April 21, 2012 | 10:15 am
Posted by Noga Gur-Arieh
One of the reasons I write here is to present a different perspective to what you may see or hear on the news. The news may be presented as objective, but when it comes to news, there is no such thing as “objective”: from the topic you choose, to the order in which you present the comments by the people involved in the story- you show your opinion even if you don’t intend to.
This is why it is only natural for the international news to sometimes present a certain point of view which is slightly or distinctively against Israel. Some watch and read about the things some claim we do for the reasons they claim we go by, and are convinced that that information is true. After all, if it is on the news, it must have happened. The same goes here, I am sure of it. Being aware of this lacking of objectivity, I usually take the news I read for granted. Only after reading the same story in at least three different papers, do I rely on the shared information.
My point is that sometimes we fall for half-truths, and even twisted truths. But since true stories are the best way of demonstrating a point, I want to tell you the story of Nicky Larkin. The Irish filmmaker watched the violence in Gaza, courtesy of Israeli soldiers. The hatred burned through his veins as he read about operation Cast Lead in 2009, and he decided he could no longer stand aside. After receiving funding for filming a documentary about the vicious acts by the IDF, Larkin packed his bags and went on the first flight to Israel. Equipped with his camera, Larkin started filming in Bethlehem. What happened next turned everything around. In a column published in the Irish Independent, Larkin wrote about the adventure he could not foresee:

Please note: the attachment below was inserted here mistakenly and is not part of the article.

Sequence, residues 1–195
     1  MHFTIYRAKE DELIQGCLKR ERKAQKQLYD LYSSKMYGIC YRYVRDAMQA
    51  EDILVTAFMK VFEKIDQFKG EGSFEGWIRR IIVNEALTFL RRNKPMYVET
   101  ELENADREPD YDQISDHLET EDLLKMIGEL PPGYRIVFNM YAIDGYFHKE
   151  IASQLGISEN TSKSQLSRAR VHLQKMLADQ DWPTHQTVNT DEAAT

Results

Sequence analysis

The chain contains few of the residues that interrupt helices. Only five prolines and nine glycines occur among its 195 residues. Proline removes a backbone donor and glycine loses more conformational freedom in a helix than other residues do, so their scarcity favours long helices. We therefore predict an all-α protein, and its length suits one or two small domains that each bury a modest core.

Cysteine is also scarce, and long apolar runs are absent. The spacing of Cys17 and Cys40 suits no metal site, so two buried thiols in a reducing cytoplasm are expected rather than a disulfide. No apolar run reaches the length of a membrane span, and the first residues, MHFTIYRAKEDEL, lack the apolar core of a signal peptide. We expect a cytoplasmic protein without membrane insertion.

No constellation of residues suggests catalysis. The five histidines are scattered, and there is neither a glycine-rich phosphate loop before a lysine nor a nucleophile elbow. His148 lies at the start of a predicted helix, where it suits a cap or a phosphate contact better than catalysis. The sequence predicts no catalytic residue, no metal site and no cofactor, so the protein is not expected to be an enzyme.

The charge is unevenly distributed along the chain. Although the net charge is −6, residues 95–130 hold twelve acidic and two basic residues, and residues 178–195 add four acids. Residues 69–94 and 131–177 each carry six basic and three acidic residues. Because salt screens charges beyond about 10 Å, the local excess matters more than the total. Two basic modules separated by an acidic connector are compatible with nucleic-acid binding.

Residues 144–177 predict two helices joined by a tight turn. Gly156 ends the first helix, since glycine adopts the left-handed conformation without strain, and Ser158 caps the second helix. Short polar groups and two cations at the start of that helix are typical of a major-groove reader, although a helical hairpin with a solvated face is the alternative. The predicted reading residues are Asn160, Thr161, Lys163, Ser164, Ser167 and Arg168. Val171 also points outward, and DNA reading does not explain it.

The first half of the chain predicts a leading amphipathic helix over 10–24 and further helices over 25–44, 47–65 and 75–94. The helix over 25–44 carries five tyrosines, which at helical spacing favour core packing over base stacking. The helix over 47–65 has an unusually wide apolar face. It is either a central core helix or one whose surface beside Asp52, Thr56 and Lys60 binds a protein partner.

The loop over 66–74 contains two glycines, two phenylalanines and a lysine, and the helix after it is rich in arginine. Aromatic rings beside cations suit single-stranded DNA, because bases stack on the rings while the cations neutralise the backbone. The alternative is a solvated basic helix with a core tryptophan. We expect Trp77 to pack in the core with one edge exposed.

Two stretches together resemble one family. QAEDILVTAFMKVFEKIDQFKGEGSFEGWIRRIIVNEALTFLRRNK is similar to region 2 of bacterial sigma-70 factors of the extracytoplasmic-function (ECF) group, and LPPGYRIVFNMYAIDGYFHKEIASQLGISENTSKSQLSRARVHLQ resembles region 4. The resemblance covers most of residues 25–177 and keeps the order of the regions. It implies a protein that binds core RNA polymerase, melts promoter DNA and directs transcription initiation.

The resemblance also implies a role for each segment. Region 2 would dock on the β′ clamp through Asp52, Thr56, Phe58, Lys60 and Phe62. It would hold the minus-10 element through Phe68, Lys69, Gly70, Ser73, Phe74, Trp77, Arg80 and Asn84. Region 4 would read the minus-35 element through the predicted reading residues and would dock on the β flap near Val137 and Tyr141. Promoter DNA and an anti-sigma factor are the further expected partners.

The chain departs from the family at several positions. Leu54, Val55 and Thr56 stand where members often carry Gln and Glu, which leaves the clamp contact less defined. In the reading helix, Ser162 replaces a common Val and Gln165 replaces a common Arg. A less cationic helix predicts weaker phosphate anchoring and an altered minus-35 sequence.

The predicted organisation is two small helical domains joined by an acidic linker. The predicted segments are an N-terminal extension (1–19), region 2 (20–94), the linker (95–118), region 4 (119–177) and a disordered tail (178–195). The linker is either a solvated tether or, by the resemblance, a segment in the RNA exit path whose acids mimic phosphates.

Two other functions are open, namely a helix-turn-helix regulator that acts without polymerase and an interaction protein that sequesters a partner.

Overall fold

“I used to hate Israel. I used to think the Left was always right. Not any more. Now I loathe Palestinian terrorists. Now I see why Israel has to be hard. Now I see the Left can be Right—as in right-wing. So why did I change my mind so completely? Strangely, it began with my anger at Israel’s incursion into Gaza in December 2008 which left over 1,200 Palestinians dead, compared to only 13 Israelis. I was so angered by this massacre I posed in the striped scarf of the Palestinian Liberation Organisation for an art show catalogue.”
“Yet when I interviewed Hind Khoury, a former Palestinian government member, she sat forward angrily in her chair as she refused to condemn the actions of the suicide bombers. She was all aggression.
This aggression continued in Hebron, where I witnessed swastikas on a wall. As I set up my camera, an Israeli soldier shouted down from his rooftop position. A few months previously I might have ignored him as my political enemy. But now I stopped to talk. He only talked about Taybeh, the local Palestinian beer.”
“Looking back now over all I have learnt, I wonder if the problem is a lot simpler. Perhaps our problem is not with Israel, but with our own over-stretched sense of importance—a sense of moral superiority disproportional to the importance of our little country?”
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